Published: January 2007
Maggie Steber

What was your best experience during this assignment?

It was great meeting Emiratis, which is hard to do since they are a tiny minority in their own country. I ended up spending a lot of time with Muslim women, and I appreciated how open they were to me. It was a great opportunity to learn about Islam from a woman's point of view, which we don't get to hear so much about because, in Islam, men are the more public figures. It was exciting to hear about their lives and their choices. They have many more options—at least in the Emirates—than I thought. They can be very traditional, and they can be very modern.

What was your worst experience during this assignment?

When you're in Dubai, it's so easy to forget you're in the Middle East or the gulf region. There's such a stretch between the Emirati traditional culture and this modern "anything goes" feeling. I kept thinking that I was in California or Texas or Miami or anyplace but where I was. It was challenging to have to keep up, which was important for the story. I didn't want to become visually lazy because I had already seen something somewhere else. Dubai's overnight development was the main point of the story.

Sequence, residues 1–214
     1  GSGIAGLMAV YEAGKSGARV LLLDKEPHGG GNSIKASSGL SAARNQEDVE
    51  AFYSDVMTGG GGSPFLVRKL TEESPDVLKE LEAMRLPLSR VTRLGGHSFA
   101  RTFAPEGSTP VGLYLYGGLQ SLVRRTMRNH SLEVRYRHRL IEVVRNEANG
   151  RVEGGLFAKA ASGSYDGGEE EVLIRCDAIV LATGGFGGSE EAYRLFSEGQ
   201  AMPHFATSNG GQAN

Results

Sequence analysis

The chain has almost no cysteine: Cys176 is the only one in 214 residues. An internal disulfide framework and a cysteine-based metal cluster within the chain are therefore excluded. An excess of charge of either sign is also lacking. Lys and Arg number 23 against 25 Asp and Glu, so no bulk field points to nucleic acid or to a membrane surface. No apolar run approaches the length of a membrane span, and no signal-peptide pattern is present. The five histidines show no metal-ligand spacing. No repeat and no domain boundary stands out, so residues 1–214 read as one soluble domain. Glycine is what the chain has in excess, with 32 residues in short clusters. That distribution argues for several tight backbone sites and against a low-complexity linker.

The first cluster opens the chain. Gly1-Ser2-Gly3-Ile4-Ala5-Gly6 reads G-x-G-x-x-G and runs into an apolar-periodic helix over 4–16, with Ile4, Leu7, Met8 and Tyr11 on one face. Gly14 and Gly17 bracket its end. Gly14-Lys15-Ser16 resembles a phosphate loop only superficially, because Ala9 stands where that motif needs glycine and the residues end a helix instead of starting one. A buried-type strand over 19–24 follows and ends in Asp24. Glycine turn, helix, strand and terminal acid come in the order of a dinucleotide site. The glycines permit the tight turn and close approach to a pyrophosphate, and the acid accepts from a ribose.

What was the oddest experience that you encountered during this assignment?

I loved being in a place where there is a call to prayer every few hours. It's bustling and noisy in Dubai, and everyone is running around making money and doing business like in New York. Suddenly, this lovely melodic call to prayer wafts through the air. Even if you're not Muslim, there's something very calming and soothing about it, something I found very comforting. I always tried to stop and take a moment to meditate a little. I loved it so much that I even bought tapes of various calls to prayer so I could listen to them at home.